That night we stopped in Dunsmuir and got a motel room. I remember
leaving the dog in the car and walking down the main drag to a restaurant
for dinner, and walking back. I can still remember what I had for dinner.
For whatever reason, the California part of that trip struck me as something
magical. Like I was seeing something I would never see again. I was right.
Next time through it was all freeway and the town-to-town hops through sleepy
backwater places was turned into a boring drive between commercial strips.
I have almost no recollection of the trip beyond the Siskiyou Mountains.
I don't know how old you are so I don't know in what year you were four, but I too remember that same California. My family often made trips from our home in San Jose north on 99 to Redding, then east on 299 to 89 and up to McArthur State Park/Burney Falls. We'd camp there for a week or 10 days. Fishing and watching chipmunks were the major pastimes.
I do feel badly for you. Making that long trip in a copper and cream '57 Chevy station wagon must have been brutal. We were much more fortunate. We had a brown and cream '57 Ford station wagon.
I dont remember the 57 wagons having plugs for Ipods or flipdown tv screens to watch movies or play video games! What ever did you do to pass the time ? Look out the window???
We counted red cars, out of state license plates, fought with my brother, peed in a glass jar and generally had a great time.
There were no electronics. The car did have an AM radio, but it wasn't of much use on long road trips. By the time you found a station you liked you would travel out of its range. We would have laughed at the idea of a phone in the car.
What year was the freeway built through Dunsmuir ? We made
that trip in the spring/summer of 1966.
What to do on a long road trip ? Never understood that question
(and it seems to be so commonly referenced !) As mentioned many
times before, I took an interest in those sparkly glass things up on
telephone poles before we moved to Washington. Another strong
memory of that trip was looking out the window at the 1000 miles
of lines and wires that followed the highways and railroad tracks
along our route. The hypnotic rise and fall of the wire as it danced
between the poles, the sparkling glass of many colors, the many shapes.
And it wasn't just the pole lines. It was side roads, railroad tracks,
distant mountains, the cliffs the road clung to, the valleys we drove,
the fences and barns and fields full of cows, the occasional deer. I
still get lost in that ambiance of the surroundings as I travel through
them. As kids, Widdo Bwudder and I were always glued to the windows.
It was a bad trip is we could not sit by the glass.
My own kids were more typical and fought and argued and asked
80,000 times where we were, even on the road trips they had taken
twice that many times before and should have known every fence, barn,
ravine, and crossroad along the way.
People laugh and say "Wassamatta with you ? You are so "different" !"
I roll my eyes with disdain and think to myself "How can you people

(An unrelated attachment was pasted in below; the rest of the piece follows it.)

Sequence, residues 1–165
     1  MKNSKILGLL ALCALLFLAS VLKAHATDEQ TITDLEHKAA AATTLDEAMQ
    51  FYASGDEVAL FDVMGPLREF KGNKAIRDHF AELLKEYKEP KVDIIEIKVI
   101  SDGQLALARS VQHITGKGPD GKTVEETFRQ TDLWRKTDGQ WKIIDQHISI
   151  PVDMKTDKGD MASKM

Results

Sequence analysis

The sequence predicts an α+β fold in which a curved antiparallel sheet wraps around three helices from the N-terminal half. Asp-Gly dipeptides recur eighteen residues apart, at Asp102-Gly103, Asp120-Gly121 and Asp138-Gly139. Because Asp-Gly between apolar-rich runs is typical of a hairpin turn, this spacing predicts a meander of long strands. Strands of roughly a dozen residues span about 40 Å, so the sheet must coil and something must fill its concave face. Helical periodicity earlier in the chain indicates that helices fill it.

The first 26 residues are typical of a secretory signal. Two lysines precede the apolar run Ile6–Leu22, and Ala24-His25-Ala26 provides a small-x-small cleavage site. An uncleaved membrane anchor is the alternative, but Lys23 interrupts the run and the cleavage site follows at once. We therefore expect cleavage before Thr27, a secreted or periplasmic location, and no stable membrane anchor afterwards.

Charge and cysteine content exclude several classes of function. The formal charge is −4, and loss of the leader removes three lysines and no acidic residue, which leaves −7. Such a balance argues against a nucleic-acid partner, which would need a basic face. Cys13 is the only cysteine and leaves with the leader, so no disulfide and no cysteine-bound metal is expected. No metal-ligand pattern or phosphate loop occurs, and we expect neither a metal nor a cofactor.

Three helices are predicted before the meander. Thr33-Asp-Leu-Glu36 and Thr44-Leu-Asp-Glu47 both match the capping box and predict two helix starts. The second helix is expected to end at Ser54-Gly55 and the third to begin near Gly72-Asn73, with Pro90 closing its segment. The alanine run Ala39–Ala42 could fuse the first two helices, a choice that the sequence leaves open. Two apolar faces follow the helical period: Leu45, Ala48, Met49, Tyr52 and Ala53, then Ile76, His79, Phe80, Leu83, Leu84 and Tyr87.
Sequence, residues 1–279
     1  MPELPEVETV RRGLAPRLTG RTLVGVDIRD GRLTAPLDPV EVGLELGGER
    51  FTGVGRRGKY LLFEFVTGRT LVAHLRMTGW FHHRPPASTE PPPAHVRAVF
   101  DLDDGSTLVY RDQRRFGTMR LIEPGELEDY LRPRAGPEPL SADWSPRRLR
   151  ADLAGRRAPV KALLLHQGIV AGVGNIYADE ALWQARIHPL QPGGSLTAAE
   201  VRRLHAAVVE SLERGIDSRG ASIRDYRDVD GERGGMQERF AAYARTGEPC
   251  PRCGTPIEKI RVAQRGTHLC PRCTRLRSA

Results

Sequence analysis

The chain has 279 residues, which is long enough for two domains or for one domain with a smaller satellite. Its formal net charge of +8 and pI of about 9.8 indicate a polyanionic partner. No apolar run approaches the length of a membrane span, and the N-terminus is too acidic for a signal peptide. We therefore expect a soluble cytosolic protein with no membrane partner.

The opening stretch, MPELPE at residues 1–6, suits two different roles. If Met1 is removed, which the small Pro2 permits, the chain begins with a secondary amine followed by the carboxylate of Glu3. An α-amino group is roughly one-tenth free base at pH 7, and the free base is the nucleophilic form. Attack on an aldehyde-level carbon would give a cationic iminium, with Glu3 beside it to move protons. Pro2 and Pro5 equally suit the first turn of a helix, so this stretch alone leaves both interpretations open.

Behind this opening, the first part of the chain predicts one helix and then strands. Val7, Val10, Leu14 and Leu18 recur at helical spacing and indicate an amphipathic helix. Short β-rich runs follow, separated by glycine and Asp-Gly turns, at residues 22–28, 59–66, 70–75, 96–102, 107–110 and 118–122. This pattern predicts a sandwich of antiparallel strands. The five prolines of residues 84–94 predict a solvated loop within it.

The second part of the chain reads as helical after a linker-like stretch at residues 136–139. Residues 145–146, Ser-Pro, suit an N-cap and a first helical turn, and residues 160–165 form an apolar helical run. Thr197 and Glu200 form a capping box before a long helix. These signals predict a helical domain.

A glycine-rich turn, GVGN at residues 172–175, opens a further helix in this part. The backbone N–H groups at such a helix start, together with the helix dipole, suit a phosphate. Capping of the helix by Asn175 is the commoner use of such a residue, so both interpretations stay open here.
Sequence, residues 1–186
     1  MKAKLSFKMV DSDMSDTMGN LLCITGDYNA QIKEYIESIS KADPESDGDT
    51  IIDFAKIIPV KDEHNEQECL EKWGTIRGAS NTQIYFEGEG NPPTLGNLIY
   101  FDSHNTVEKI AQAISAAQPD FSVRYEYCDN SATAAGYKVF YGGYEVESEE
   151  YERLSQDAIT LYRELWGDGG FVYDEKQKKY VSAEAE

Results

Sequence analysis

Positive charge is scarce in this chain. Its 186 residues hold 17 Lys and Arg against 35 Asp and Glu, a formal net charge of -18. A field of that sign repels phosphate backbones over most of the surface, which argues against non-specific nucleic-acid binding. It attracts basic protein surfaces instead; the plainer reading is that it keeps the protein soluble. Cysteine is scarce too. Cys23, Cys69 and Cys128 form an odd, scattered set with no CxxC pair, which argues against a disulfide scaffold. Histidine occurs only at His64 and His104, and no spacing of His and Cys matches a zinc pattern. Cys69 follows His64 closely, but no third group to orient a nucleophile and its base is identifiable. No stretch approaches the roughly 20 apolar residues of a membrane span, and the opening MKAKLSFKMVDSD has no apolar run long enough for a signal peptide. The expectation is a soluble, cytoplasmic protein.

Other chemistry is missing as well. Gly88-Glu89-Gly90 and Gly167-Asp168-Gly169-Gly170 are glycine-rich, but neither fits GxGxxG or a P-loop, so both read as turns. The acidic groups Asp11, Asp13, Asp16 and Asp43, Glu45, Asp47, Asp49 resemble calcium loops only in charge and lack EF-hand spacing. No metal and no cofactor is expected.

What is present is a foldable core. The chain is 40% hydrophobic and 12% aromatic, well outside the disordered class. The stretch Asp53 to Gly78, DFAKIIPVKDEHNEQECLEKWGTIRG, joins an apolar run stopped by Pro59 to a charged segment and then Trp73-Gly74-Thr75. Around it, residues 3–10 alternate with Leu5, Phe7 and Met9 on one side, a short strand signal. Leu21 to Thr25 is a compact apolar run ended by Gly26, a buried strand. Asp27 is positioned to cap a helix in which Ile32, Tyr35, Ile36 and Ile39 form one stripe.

all be so boring ?"
I guess the world boils down to two types of people: those who like
freeways and those who hate them.
Give me the long and winding road to nowhere, please.
Can't you just smell the fields, the sagebrush, the trees, when you see
photos like these ?
I've always like driving through the forests but wheat fields and sage brush never did much for me as a kid. Any and all of them are far better now with 2 lane roads rather than any scenery on the interstate. Interstate travel may be more efficient but not near as many smiles per mile.
Interesting ... I grew up in Bellevue/Kirkland/Redmond and came to find the
dense undergrowth type forest/s of the west/wet side clautrophobia-inducing.
Our summer camping trips to the more open forests of the east side really
turned my crank. That, and the lack of everything always being damp or wet.
(hard on old metal and other things I like).
I recall thinking the Scablands sage brush country to be terribly ugly, attaching
a "negative" of dying of thirst, as portrayed in old westerns. But after 30 years
in the swamps, I bailed out and have come to love putzing about the lonely back
country of the Scablands. Montana is heavenly for wide-open Model T country
too. If the winters weren't so harsh and I had strong business prospects, I'd be
living over there ! Spokane is a good balance.
Yes, interstate driving is even less pleasurable than drinking a big bowl of urine.
If "efficiency" is determined on a basis of reduced time to destination arrival, then
I guess it has merits in the same way that dark and grey overcast skies are "efficient"
in bringing on suicidal urges.
If "efficient" is determined on a basis of pleasurable driving and interactive
experience with the places one travels through, the interstate is in serious negative
territory. A mind-numbing hell hole of grey and stunt drivers in the urban areas
and a sell-out, TV-like version of back road driving in the countryside.
Speaking of the wet side, is the old (and cool) Stillwater store still there ? ... or
have the Microsofters bought the property and built an exclusive gym there with
valet parking ?